NAACP Applauds Maryland Legislature for Passing Bill to Restore Voting Rights

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Baltimore, MD – The Maryland legislature has overwhelmingly approved a bill to restore voting rights to nearly 40,000 people with past criminal convictions. The measure — which would simplify Maryland’s law so that a person becomes eligible to vote upon release from prison — has already passed the state’s House and Senate and now awaits Gov. Larry Hogan’s signature.

From Cornell William Brooks, NAACP President & CEO:

“The NAACP applauds the Maryland legislature for approving a bill to restore the right to vote to nearly 40,000 people who have paid their debt to society. Throughout the country 5.8 million American citizens are prevented from participating in the voting process; including 4.3 million who continue to be silenced after completing their sentence and returning to their community. Nationally, 1 out of every 13 voting-eligible African-Americans has been stripped of their voting rights. This bill will help thousands of people who currently live, work, and raise families in Maryland every year. We firmly believe in second chances and that citizens who have completed their sentences be allowed to exercise the constitutional right to vote.”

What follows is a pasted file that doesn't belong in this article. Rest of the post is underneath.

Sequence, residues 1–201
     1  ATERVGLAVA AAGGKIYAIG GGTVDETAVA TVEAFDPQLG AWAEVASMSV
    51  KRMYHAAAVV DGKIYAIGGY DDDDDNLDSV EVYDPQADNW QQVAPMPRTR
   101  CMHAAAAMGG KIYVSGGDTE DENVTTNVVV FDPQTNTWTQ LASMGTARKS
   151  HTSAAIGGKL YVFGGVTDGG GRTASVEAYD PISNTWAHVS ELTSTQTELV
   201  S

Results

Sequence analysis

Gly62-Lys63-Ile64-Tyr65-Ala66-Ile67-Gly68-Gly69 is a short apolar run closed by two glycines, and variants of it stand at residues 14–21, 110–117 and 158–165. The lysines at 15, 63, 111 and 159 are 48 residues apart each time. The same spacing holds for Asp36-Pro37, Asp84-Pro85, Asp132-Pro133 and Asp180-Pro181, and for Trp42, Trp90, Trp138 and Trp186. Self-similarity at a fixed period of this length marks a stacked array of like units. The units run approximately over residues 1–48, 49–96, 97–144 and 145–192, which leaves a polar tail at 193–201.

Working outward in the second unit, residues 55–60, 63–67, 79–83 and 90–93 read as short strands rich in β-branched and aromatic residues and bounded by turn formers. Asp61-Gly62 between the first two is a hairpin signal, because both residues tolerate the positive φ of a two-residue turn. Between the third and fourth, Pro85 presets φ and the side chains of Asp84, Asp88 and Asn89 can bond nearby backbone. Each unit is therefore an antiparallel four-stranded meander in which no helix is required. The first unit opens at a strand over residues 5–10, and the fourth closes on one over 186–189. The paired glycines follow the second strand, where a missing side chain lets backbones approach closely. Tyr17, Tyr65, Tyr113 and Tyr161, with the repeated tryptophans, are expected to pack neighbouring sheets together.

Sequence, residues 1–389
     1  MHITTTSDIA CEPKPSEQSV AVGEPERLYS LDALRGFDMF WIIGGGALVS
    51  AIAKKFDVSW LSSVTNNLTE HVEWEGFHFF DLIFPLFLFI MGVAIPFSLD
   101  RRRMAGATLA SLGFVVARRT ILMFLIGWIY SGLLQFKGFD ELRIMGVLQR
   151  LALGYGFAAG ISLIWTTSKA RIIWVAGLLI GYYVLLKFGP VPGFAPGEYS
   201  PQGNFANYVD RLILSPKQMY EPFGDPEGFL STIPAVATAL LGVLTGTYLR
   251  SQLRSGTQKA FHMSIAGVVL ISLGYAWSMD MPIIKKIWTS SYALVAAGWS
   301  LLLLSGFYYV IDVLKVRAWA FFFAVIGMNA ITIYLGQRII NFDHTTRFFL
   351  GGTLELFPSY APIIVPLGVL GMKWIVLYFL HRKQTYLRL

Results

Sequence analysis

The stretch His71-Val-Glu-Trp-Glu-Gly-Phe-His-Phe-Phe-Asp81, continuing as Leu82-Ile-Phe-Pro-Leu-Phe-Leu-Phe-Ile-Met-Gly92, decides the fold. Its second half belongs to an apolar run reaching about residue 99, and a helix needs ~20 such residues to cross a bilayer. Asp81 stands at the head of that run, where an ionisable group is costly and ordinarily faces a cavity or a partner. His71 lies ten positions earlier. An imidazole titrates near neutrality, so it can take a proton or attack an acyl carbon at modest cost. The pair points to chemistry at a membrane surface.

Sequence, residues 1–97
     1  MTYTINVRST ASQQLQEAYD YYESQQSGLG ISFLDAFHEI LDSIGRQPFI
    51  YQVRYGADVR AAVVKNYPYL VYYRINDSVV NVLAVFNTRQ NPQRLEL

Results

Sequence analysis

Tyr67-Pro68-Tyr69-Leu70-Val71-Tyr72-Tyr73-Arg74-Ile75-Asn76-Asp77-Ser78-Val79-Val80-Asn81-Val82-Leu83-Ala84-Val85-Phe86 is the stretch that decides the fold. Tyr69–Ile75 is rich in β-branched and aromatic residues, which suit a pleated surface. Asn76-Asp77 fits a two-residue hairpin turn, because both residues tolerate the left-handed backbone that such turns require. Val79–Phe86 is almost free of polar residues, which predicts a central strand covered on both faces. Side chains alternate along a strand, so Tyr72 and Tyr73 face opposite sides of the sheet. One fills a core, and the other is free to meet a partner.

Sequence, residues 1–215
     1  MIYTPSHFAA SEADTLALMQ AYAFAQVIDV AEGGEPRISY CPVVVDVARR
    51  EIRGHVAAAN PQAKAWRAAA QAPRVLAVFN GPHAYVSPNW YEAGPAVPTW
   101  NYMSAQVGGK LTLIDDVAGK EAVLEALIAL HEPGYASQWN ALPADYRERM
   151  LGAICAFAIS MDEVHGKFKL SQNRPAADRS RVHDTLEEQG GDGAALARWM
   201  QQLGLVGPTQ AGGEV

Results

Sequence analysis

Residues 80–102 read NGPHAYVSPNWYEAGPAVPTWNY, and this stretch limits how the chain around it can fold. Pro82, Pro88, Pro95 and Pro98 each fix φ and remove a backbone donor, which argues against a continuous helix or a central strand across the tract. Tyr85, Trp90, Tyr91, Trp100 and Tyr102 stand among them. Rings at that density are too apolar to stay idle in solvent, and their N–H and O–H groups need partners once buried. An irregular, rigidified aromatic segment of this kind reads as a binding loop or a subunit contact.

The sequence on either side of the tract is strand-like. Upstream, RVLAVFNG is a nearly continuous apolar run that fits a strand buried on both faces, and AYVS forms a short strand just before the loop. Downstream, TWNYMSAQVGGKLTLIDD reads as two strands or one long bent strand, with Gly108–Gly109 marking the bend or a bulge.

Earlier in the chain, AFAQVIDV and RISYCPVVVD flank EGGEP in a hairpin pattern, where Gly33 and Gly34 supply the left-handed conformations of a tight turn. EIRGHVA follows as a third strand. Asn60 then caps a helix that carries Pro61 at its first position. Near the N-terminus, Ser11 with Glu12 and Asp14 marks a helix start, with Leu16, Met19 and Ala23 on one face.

From Gerald Stansbury, NAACP Maryland State Conference President:

“The SB340 bill will strengthen our communities throughout Maryland. The majority of citizens regaining their voting rights under this legislation are African American so this legislation strengthens participatory democracy in our state. We know also that returning citizens who vote are less likely to be arrested again and more likely to be productive, engaged and law-abiding. This measure is a win for civil rights and public safety. We applaud the General Assembly for its passage of the bill and urge the governor to sign it.”

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